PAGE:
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#include<stdio.h>
#include<math.h>
int main()
{
    int a=2,b;
    b=a++ + a-- + ++a + --a;
    printf("%d %d",a,b);
}




output is 2 9 why?????
Posted
Updated 19-Mar-20 7:43am

Ahh, I expected this one from your last one...

The pre-increment operator and the + operators have equal precedence. That means which one is done first is completely compiler dependent. This is called undefined behavior and these types of statements should be avoided at all costs.

Why does it happen in your compiler? Its simply the precedence that the compiler decided to apply the + and ++/-- prefix operators in. I didn't work through your equation but it can either do the addition first, or the subtraction first.

There has recently been a lively discussion on this here[^], read the thread to see what is said, and ignore the guy who doesn't get it :)
   
The first result (2) is pretty obvious, because a is incremented two times and decremented two times. Hence a has afterwards the same value as before.

The second result (9) is the one that is not so easy to see. The value of b depends on the time when the compiler chooses to do the post-increment and post-decrement operations. Your compiler has chosen to them after the entire expression has been completed. Hence b is computed as:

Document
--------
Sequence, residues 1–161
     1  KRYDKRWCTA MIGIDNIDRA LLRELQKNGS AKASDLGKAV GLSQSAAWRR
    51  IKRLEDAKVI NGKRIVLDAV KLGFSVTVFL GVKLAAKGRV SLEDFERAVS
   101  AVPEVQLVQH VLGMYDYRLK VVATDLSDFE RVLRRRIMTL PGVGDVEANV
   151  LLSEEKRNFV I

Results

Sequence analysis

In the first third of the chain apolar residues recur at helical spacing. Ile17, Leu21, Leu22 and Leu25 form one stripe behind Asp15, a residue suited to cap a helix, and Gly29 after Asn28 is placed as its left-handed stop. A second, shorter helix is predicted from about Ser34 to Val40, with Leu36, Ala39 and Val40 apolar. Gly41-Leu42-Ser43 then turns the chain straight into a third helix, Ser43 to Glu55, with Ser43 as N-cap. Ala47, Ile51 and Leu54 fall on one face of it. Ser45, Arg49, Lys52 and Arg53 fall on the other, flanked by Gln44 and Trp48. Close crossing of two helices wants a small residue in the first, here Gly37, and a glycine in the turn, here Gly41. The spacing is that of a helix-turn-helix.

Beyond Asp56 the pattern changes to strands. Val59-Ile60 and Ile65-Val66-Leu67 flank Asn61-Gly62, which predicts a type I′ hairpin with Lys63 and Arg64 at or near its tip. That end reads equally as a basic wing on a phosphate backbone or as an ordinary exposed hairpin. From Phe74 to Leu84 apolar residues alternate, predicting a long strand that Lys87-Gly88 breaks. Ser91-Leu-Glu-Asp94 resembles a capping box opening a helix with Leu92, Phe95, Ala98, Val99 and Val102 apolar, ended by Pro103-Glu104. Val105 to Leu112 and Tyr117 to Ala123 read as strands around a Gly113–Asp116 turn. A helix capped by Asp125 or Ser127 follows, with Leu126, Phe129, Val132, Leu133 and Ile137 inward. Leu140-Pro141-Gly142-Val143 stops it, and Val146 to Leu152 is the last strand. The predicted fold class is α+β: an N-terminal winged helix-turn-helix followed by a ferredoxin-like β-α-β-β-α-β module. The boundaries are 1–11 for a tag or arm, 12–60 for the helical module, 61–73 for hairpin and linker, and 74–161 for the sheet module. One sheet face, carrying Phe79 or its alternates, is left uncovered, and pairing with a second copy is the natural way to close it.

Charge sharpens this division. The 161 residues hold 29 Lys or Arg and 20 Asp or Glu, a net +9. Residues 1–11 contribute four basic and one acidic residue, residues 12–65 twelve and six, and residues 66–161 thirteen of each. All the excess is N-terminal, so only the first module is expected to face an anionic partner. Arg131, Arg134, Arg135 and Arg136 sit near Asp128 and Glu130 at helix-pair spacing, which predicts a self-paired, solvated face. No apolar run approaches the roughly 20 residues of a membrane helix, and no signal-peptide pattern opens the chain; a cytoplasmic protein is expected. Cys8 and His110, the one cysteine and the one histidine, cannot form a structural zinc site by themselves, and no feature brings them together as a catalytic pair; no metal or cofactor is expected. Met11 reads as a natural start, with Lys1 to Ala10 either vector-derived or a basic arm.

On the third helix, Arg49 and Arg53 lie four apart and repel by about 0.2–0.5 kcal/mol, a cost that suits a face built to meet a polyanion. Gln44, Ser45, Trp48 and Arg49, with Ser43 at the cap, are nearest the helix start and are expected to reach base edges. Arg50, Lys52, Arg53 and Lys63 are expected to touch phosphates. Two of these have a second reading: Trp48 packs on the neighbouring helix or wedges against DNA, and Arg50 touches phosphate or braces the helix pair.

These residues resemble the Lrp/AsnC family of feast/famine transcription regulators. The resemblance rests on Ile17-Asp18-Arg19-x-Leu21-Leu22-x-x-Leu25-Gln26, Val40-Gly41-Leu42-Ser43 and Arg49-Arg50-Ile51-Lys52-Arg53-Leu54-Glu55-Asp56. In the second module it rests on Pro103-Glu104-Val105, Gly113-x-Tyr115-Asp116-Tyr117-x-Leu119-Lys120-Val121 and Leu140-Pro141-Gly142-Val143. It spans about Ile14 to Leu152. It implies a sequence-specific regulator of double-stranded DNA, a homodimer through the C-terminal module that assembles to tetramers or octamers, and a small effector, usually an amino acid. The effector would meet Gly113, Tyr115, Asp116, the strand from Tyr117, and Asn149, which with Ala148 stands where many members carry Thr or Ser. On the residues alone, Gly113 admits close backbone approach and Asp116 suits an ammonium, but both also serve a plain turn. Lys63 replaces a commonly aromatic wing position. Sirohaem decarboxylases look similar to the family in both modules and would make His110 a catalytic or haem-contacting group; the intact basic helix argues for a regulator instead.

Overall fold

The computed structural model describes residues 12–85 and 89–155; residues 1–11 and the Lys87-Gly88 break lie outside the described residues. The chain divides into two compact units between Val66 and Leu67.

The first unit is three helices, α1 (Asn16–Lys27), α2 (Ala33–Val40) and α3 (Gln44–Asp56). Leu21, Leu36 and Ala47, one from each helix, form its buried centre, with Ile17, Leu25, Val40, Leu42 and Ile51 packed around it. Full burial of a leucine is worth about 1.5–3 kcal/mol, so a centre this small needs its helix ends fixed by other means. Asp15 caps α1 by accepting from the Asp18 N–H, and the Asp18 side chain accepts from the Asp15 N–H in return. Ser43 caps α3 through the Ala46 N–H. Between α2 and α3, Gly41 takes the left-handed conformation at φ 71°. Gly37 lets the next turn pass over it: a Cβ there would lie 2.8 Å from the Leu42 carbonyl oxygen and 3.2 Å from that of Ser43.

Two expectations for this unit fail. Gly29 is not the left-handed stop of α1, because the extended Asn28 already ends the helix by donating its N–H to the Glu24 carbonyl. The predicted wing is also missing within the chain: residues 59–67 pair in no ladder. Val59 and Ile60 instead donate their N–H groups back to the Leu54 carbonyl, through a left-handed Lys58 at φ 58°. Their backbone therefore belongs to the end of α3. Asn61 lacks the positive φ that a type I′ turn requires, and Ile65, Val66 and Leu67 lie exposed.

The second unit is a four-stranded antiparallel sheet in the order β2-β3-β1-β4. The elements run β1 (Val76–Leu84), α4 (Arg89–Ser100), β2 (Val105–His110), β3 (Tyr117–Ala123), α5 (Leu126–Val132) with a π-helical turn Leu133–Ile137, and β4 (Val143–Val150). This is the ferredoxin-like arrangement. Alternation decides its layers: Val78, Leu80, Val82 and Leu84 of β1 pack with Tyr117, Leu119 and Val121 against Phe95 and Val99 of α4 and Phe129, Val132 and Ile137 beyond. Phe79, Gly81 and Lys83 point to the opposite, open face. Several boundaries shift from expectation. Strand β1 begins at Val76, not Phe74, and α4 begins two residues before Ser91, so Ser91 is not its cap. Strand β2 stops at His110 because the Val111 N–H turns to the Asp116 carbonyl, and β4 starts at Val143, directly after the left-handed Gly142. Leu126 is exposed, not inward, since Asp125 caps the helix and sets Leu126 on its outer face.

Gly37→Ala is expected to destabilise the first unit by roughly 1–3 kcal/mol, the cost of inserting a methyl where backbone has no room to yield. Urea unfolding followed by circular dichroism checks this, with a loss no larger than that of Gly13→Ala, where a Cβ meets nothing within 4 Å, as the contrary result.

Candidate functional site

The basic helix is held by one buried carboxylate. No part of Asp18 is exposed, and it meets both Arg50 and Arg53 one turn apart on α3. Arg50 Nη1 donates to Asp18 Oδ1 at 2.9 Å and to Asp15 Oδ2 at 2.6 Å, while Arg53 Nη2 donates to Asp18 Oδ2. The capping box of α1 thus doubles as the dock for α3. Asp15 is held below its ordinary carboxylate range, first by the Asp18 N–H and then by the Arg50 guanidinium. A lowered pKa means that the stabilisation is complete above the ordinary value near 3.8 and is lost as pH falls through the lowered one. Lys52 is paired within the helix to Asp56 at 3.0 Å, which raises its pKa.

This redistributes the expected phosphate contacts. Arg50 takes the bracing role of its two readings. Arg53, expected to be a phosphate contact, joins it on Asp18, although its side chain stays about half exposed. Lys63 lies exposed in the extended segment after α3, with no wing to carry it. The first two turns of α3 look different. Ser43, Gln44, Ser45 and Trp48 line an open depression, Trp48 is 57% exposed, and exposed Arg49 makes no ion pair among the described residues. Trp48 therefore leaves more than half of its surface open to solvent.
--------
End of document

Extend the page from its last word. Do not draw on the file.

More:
b = 2 + 2 + 3 + 2;
    // afterwards the post-increment and post-decrement operators
    // are performed

Note that with pre-increment and pre-decrement operations the compiler has no other choice than doing them right away. Hence the last two values are 3 and 2.

As Ron has correctly pointed out in solution 1, the result of this expression is actually undefined. The compiler could have chosen to perform the post-increment and post-decrement operations at an earlier time and that could have resulted in:
b = 2 + 3 + 3 + 2; // == 10

It certainly is no good idea to write statements like this. The case here is a little constructed just to demonstrate what can happen if you abuse the post-increment/decrement operators.
   
int a=2,b;
b=a++ + a-- + ++a + --a;
b=2+3+3+2

Ans is (2,10)
   
Comments
Richard Deeming 19-Mar-20 12:50pm
   
Read the previous solutions. The behaviour is undefined, and the two solutions posted six years ago already explain why.

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